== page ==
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JPMorgan Core Bond R5 JCBRX

Analyst rating as of
NAV / 1-Day Return
10.10  /  0.30 %
Total Assets
31.8 Bil
Adj. Expense Ratio
Expense Ratio
Fee Level
Longest Manager Tenure
7.21 years
Intermediate Core Bond
Credit Quality / Interest Rate Sensitivity
High / Moderate
Min. Initial Investment
TTM Yield
Effective Duration
5.87 years

Morningstar’s Fund Analysis JCBRX

Analyst rating as of .

A consistent, all-weather core bond offering.

Our analysts assign Bronze ratings to strategies they’re confident will outperform a relevant index, or most peers, over a market cycle.

A consistent, all-weather core bond offering.

Senior Analyst



JPMorgan Core Bond boasts seasoned portfolio managers, the vast resources of JPMorgan’s fixed income franchise, and a time-tested process, earning a Morningstar Analyst Rating of Silver for its cheapest share class and Bronze and Neutral for its more-expensive share classes.

Portfolio manager Rick Figuly, a multidecade firm veteran and head of JPMorgan’s core bond team, leads this effort with the support of comanager Justin Rucker and U.S. fixed-income CIO Steve Lear. Figuly and Rucker work alongside a broader group of experienced portfolio managers in Columbus, Ohio, who have built up a strong record of applying their value-driven approach to selecting attractively valued securities that generate strong cash flows. Their supporting credit research, trading, and operational resources, based across the United States and beyond, are robust and becoming more closely integrated.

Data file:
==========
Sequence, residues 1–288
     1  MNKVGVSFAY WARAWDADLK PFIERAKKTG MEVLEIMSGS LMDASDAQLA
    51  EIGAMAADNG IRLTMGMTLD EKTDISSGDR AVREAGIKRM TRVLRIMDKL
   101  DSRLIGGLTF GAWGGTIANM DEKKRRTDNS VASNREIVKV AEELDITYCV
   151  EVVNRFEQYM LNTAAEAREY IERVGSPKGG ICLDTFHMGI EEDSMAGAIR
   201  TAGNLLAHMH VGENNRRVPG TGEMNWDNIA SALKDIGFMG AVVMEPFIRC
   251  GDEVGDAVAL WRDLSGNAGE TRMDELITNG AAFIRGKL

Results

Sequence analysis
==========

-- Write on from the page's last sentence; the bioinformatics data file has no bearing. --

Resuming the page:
Rather than take on significant interest rate risk, the team seeks to outperform its intermediate core bond Morningstar Category rivals by focusing on spread sectors, sensible sector rotation, and strong security selection. The managers keep duration within 10% of the Bloomberg U.S. Aggregate Bond Index and includes only investment-grade bonds at the time of purchase. A historical focus on securitized debt differentiates this strategy from peers and its benchmark; this allocation has included everything from plain-vanilla mortgage passthroughs to commercial mortgage-backed securities, out-of-benchmark agency collateralized mortgage obligations, and nonagency MBS. More recently, in response to changing markets and relative value opportunities, the strategy has begun increasing its allocation to corporate bonds.

Absolute and risk-adjusted performance is strong over the trailing 10 years ended March 2022; its R6 share class posted a 2.6% annualized result, 30 basis points better than peers. In addition, its resiliency when markets have stuttered contributed to a lower level of volatility (as measured by standard deviation) over the same period.